A Beginning

I have known Jez San for a long time. I joined Argonaut Software when I was 18; when Argonaut was still tiny, having just moved out from being based in a house, and had its first proper offices.

I was very lucky to have gone to a school both with an amazing computer teacher and also other pupils, several years above me, that were all incredible talents (all who went on to do great things)… Rich Clucas was one of them. When Rich left school he went to work for Jez and subsequently, when I finished my A Level’s, invited me along for an interview.

When I first walked into the office and tried to find someone in charge, one of the rooms I entered had three staff seated behind desks, but something was strange about the positioning: each desk was facing inwards to the centre of the room and each chair (plus occupant) was inserted into each of the corners of the room. Back then monitors were huge CRT monstrosities that took up a large part of the desk, but upon closer inspection I could note a certain level of blockading around each desk as if to create a personal fortress.

I found out later this arrangement was due to regular outbreaks of war amongst the three. These three were some of the greatest programming minds in video games, between them invented new processor chipsets, 3d graphics libraries, and built games over the next 10 years that would sell 10’s of millions (back then BIG numbers) — but in that room they threw pretty much anything at each other, things got so bad that one of them actually was hospitalised.

I tell this story just to give a sense of what it was like to work there, gloriously chaotic, but with the best minds and huge amounts of creativity.

King Arthurs World came about because I had been given the task of building a graphics editor for the Super Nintendo. What Nintendo themselves supplied was a huge hulking beast of hardware that had very limited capabilities. Jez and Rick had been building our own hardware pipeline to allow games to be uploaded directly to a cartridge and needed something better on the graphics front to ease the burden of Artists getting graphics into the games.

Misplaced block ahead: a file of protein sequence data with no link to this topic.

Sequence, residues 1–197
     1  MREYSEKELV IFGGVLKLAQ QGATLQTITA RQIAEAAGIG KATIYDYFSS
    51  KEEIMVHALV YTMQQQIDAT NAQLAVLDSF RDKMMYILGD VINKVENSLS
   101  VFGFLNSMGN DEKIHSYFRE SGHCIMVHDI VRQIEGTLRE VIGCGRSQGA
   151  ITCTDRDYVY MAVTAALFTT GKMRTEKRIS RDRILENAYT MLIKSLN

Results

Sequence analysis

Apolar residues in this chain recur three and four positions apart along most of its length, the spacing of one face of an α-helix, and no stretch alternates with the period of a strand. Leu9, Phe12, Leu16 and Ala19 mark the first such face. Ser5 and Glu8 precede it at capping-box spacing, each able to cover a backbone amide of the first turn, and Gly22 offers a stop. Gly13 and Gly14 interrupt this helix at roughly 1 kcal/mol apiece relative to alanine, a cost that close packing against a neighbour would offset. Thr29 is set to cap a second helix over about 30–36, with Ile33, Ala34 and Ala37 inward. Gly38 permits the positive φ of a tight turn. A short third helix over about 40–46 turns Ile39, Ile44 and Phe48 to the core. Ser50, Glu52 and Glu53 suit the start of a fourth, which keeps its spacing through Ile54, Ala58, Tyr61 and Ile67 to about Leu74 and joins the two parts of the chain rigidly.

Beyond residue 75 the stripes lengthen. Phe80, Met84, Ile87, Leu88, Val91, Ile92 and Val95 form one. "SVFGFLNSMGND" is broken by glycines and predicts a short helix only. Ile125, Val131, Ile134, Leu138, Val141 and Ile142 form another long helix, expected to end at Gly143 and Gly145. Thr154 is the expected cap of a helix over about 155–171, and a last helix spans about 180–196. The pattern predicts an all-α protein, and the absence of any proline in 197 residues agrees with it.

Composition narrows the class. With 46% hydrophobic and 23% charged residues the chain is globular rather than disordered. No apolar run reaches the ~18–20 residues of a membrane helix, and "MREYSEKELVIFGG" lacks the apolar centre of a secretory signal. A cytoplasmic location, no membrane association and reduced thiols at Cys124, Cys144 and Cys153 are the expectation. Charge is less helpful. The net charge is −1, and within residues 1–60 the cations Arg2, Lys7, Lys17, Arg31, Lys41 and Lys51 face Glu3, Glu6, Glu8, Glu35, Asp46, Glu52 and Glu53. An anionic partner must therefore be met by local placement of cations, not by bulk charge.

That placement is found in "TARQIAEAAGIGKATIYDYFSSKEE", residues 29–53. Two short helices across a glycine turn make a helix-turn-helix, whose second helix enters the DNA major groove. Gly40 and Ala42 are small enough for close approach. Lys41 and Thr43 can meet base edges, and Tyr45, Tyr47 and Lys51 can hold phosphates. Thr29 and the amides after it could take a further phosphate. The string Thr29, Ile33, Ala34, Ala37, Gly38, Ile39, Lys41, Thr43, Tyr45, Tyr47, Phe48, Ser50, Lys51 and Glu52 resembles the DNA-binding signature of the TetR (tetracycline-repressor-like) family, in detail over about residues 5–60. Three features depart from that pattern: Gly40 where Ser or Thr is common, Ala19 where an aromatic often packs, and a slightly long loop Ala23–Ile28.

Although I probably never finished having to maintain the editor it did give me the opportunity to also experiment with coding for the SNES as well. This was around the time of Lemmings and I wanted to experiment with building a side-scrolling tiled map, it literally started as some differing gradient ground and a parallax background.

I have always been into my fantasy books, age 10 reading the ‘Dragonlance Chronicles’ and probably had read ‘Lord of the Rings’ 10 times before I was 16, so it’s not surprising that the simple scrolling map was soon festooned with medieval characters that wandered around on the map, you couldn’t do much other than order them around (and maybe have a fight — I can’t remember!) — but when I showed it to Jez he immediately could see potential and within a few weeks (or so it seemed to me at the time) had sold the concept to a publisher.

And so ‘King Arthurs World’ was born, that was 25 years ago.

Over the coming Month’s I will be writing up some of the memories of building KAW (King Arthur’s World) as background to how in the last year I got back together again with Jez to recreate KAW for modern platforms.

Our website for the game is being worked on but you can see the first screenshot of the game — https://www.kingarthursworld.com/